The States body which oversees Guernsey Electricity has supported its plans to reduce our imported power this winter to help alleviate the impact of the energy crisis across Europe.
The States’ Trading Supervisory Board (STSB) said "any support the island can give to help alleviate Europe’s energy crisis this winter should be welcomed".
It has also asked consumers to cut down on their usage - specifically between 17:00 and 19:00 daily.
The utility has said this is in response to the "energy crisis on the continent" and will help the firm cut back on the amount of power it buys from the French grid.
Guernsey Electricity's contract with Electricité de France (EDF) means we buy the majority of the power used on-island from the national provider. GEL now says that with costs rising and supplies at risk across Europe, it has agreed to, "if necessary...reduce the amount of energy it imports from Europe this Winter".
Through its supply agreement with EDF, Guernsey Electricity says it "will, if requested, generate more electricity using the Vale power station for local consumption and lower the energy imported through the subsea cable from the European grid". If that does happen then GEL will be refunded for the cost of any imported power that is not shared with us through the existing agreement.
STSB President, Deputy Peter Roffey said that doing that will likely make only a small difference, but he insists it's important for Guernsey to "act responsibly within the context of the current global geo-political situation".
The STSB Board has said it "fully supports Guernsey Electricity in making maximum use of the arrangement by fully utilising the power station if required".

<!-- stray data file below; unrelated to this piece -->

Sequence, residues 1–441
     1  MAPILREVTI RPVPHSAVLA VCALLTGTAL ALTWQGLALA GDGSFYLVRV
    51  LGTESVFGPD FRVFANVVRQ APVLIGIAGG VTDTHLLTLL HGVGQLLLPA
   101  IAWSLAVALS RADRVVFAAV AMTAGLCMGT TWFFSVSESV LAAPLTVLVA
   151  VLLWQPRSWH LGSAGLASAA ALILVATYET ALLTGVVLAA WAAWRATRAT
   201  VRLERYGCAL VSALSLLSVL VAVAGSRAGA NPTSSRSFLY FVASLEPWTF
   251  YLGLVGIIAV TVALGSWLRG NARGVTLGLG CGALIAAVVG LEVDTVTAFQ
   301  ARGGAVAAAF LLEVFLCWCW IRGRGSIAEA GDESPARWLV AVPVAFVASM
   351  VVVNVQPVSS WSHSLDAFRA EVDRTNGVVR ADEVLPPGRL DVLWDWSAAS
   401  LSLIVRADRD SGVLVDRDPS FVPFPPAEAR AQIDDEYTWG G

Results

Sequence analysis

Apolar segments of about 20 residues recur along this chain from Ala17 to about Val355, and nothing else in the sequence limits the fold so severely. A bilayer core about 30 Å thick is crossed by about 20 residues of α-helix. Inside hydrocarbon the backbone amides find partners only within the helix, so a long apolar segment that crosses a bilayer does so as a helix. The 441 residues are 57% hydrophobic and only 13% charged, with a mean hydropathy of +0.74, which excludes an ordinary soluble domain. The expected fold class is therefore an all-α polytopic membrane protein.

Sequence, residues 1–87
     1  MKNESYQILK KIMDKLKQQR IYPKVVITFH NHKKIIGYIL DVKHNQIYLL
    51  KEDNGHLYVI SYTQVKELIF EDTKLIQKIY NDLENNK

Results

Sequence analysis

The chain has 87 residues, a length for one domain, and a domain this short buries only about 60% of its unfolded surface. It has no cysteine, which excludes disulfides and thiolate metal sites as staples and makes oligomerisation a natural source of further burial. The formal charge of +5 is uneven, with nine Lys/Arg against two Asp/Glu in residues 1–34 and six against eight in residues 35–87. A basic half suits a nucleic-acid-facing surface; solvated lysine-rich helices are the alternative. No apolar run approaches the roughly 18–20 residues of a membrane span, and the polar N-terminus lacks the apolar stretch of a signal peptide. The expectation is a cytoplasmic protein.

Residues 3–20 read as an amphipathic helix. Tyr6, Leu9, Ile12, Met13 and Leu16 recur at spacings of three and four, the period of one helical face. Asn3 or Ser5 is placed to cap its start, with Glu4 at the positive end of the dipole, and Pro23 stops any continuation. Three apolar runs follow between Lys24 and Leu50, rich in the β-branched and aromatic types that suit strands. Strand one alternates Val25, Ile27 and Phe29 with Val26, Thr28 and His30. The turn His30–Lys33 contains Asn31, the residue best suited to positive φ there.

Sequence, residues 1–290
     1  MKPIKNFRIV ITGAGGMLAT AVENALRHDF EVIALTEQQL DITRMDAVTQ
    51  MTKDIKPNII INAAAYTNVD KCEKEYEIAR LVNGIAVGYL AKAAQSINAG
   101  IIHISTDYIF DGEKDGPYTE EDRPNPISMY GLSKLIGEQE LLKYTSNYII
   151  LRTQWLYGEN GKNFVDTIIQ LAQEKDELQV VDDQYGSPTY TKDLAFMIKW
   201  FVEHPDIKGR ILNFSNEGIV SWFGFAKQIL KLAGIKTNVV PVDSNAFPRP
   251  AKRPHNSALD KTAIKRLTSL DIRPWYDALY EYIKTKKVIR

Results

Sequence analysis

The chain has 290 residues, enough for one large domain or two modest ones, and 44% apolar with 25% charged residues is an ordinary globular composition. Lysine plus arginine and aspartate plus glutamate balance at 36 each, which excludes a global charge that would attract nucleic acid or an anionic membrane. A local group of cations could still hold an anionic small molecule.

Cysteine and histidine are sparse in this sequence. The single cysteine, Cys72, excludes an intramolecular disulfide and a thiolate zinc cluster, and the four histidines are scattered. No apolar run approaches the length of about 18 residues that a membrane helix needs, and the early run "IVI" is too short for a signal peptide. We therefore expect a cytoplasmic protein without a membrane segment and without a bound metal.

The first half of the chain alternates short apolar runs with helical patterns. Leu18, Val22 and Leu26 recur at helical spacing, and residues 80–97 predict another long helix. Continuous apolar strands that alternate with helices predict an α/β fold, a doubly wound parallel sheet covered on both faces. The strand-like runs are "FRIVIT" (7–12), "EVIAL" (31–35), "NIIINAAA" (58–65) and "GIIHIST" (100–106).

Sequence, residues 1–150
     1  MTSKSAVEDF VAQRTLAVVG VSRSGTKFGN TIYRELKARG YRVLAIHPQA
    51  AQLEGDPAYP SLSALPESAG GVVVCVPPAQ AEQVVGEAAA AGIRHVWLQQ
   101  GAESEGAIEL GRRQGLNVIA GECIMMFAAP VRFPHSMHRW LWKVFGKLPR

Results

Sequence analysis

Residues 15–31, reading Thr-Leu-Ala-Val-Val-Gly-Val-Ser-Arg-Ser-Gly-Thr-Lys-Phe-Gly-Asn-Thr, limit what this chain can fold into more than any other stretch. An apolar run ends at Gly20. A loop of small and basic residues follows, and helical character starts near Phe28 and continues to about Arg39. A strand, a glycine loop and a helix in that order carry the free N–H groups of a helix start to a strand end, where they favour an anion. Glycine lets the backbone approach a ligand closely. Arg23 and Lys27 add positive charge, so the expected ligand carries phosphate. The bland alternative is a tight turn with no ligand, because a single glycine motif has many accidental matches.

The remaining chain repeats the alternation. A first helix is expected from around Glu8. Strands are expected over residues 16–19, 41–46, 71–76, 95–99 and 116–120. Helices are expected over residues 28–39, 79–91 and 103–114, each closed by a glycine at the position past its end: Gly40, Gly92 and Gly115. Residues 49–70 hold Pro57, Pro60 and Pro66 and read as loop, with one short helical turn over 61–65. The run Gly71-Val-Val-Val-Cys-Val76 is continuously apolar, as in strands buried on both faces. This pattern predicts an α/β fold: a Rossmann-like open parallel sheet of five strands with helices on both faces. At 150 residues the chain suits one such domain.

Pictured: Deputy Peter Roffey.
“We have an opportunity for Guernsey to play its part in responding to the effects of the current energy crisis and act as a good-neighbour to its counterparts in France and Western Europe more widely,” said Deputy Roffey.
If GEL has to resort to increased local production STSB says that it will reduce the need for larger communities in Europe having to rely on older, more polluting plants, and that should, therefore reduce the overall environmental impact said Deputy Roffey.
“The thermal efficiency of our local generating plant and carbon intensity of the electricity we can produce on-island is likely to be better than some of the alternatives that Europe may otherwise have to rely upon.”
He also said that GEL may "potentially" benefit financially from any need to increase on-island generation. He said that would be welcomed and may be able to help offset future price increases. At the moment he said that was a secondary consideration.
“Currently there are much greater issues to consider, nevertheless any financial benefit is welcome. It is in no way certain, but if it does materialise we would be supportive of any such proceeds being used to strengthen Guernsey Electricity’s financial position. That would provide a potential buffer for local customers to partially offset against future commodity price increases.”
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